ILLUMINATIONA theological term used to express the manner in which the Holy Spirit makes clear to man the Word of God, whether preached or in written form. Without an illumination of the Holy Scriptures, no man can understand God’s divine, infallible revelation because spiritual things are only spiritually
Enlightenment, the. Though the term originated as a translation of the German *Aufklärung, it is now applied more generally to the movement of ideas which characterized much of 18th-cent. Europe. In many ways it was a continuation of the scientific spirit of the previous age, esp. of the thought of
ENLIGHTENED (from Gk. photizō, to “give light”). A term meaning imbued with a saving knowledge of the gospel, and so applied to Christians (Heb. 6:4; 10:32). In the early Christian church it was used to denote the baptized.
Enlightenment. The period of modern history known as the Enlightenment began in the late seventeenth century and dominated the eighteenth and much of the nineteenth centuries in Europe. It was rooted in Dutch and German rationalism, particularly Benedict Spinoza’s rationalistic and antisupernatural work,
EnlightenmentThe European intellectual and social history known as the Enlightenment covers roughly a period from the English Revolution of 1688 to the French Revolution in 1789. It was principally an eighteenth-century movement, and in practice it can be further broken down into three sub-periods.
ENLIGHTEN<en-lit’-’-n>:1. [אוֹר, ’or], “illumination” in every sense, used in the ordinary sense of giving natural light (Psalm 97:4 the King James Version; see also Ezra 9:8) or as a sign of health and vigor (1 Samuel 14:27, 29). “His eyes were enlightened,” literally, “became bright.”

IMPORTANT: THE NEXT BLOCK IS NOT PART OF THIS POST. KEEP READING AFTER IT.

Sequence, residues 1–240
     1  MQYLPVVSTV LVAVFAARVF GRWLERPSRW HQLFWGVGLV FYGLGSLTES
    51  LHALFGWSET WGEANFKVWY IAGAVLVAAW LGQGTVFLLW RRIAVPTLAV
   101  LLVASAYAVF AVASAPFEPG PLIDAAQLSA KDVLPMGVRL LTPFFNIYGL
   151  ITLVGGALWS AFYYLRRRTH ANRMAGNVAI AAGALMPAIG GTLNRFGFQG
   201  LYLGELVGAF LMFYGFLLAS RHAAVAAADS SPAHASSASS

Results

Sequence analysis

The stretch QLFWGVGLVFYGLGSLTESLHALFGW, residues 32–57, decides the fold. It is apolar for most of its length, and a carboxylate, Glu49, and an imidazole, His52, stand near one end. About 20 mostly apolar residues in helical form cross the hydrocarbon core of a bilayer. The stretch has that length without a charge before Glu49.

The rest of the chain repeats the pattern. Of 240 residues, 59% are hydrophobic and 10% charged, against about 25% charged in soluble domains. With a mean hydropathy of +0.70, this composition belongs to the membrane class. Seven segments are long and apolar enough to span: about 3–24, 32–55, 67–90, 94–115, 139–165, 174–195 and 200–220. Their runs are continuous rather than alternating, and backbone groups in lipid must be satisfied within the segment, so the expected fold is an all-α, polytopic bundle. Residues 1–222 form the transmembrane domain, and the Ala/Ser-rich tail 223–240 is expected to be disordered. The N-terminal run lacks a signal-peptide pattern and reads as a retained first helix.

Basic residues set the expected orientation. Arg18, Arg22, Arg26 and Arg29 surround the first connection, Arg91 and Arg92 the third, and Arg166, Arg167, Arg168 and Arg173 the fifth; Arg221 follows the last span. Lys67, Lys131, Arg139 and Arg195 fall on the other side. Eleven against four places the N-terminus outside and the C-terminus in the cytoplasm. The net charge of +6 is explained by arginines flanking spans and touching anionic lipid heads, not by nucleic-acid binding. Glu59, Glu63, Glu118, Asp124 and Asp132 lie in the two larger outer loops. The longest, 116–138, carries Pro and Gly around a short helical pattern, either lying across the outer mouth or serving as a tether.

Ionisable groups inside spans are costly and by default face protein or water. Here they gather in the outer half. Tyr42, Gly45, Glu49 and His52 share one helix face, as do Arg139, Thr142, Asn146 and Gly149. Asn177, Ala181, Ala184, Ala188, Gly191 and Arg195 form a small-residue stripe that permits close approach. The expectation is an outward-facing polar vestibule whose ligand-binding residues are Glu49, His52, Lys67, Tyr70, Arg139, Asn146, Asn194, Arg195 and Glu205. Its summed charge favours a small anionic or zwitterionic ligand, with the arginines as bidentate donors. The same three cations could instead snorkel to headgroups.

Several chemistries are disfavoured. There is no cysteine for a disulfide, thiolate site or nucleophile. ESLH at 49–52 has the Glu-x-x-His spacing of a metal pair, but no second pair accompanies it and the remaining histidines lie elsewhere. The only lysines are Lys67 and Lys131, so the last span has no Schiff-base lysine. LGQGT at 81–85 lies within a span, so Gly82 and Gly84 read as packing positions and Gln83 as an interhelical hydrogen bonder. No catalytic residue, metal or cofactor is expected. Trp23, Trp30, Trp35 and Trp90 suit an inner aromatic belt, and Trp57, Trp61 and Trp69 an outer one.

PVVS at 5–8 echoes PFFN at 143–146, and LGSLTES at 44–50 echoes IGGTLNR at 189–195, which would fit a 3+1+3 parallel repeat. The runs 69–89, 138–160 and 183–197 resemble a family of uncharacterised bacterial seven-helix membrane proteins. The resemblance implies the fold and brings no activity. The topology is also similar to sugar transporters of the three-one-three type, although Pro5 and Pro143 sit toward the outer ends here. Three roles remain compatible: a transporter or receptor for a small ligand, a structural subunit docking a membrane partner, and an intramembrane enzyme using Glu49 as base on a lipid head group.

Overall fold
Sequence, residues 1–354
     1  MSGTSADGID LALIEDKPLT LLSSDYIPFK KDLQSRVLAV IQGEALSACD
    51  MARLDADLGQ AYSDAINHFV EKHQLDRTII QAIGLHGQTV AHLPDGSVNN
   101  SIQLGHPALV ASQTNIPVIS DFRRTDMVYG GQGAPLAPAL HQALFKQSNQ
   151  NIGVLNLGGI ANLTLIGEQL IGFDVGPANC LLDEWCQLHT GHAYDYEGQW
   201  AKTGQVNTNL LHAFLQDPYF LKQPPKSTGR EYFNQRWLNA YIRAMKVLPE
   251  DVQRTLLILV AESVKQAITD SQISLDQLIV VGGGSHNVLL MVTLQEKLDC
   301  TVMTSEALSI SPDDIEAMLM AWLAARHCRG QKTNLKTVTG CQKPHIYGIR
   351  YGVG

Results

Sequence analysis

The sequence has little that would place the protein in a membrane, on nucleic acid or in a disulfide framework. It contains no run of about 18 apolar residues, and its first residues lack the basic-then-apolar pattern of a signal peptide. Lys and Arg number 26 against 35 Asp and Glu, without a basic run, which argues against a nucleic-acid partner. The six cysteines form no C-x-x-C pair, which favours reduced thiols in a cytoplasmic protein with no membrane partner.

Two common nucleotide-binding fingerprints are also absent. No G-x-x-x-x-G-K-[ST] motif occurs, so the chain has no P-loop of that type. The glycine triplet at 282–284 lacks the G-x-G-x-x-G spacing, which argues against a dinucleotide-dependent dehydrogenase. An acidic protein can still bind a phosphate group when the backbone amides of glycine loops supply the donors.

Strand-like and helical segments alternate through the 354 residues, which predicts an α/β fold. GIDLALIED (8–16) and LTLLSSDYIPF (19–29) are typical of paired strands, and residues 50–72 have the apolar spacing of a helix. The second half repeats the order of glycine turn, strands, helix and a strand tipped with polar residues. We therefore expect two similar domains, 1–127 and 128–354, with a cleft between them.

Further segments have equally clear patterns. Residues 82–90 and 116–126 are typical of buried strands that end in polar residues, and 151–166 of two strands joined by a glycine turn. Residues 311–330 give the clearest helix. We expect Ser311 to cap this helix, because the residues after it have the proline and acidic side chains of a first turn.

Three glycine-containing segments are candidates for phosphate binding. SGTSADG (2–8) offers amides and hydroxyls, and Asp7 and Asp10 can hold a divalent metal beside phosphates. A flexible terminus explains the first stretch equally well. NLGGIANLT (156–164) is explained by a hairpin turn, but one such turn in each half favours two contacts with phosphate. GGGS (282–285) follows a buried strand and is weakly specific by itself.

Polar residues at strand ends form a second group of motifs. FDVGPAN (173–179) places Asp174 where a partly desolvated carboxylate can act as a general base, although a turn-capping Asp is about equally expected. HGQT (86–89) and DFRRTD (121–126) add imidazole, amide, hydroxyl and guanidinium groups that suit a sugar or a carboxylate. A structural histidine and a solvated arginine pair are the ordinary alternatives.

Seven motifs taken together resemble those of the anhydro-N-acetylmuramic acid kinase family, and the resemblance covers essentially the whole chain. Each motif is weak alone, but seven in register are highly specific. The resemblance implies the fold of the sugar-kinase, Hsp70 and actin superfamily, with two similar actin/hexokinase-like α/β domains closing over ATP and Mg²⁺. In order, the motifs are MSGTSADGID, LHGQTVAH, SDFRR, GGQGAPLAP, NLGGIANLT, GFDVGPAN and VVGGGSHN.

ILLUMINATION<i-lu-mi-na’-shun>: Heb 10:32 the King James Version, only, “the former days, in which, after ye were illuminated (the Revised Version (British and American) “enlightened”), ye endured a great fight of afflictions.” The verb is [φωτίζω, photizo], rendered in 6:4 by “enlightened”
EnlightenmentThe main goal of the wide-ranging intellectual movement called the Enlightenment was to understand the natural world and humankind’s place in it solely on the basis of reason. The movement claimed the allegiance of a majority of thinkers in Europe during the 17th and 18th centuries, a period
Enlightenment, TheThe classic definition of the Enlightenment came from I. Kant (1724–1804) in an essay of 1784 specifically in answer to the question “What is the Enlightenment?” (“Der Frage, Was ist Aufklärung?”) in the Berlin Monthly. He answered: “Enlightenment is man’s emergence from his self-incurred
EnlightenmentThe title given to the development of thought in Europe and America in the late 17th and 18th centuries. Essentially, the Enlightenment was the expression of modern man’s attempt to break free from the rule of dogma based on divine revelation and to exercise his own reason with complete
IlluminationEnlightenment. Theologically, illumination is used in two ways. First, it describes the work of the Holy Spirit in regeneration whereby He enlightens “our minds in the knowledge of Christ” (Shorter Catechism, Q. 31).Second, it is used of a false theory of inspiration as a mere intensification
The Zondervan Encyclopedia of the Bible, Volume 2, D–G
enlighten. This English verb is used relatively few times in the Bible (similar expressions include “bring/give light,” “shine,” et al.; cf. Job 33:30; Ps. 19:8). Of special significance is the use of the Greek verb phōtizōG5894. Writing to the church in Ephesus, Paul says, “I pray also that the eyes
EnlightenmentWhile the concept of enlightenment was widespread in eighteenth-century Europe, the notion of a more or less unitary secular Enlightenment that ushered in modern intellectual culture was created only retrospectively and finds little support in recent historiography. A relatively small cadre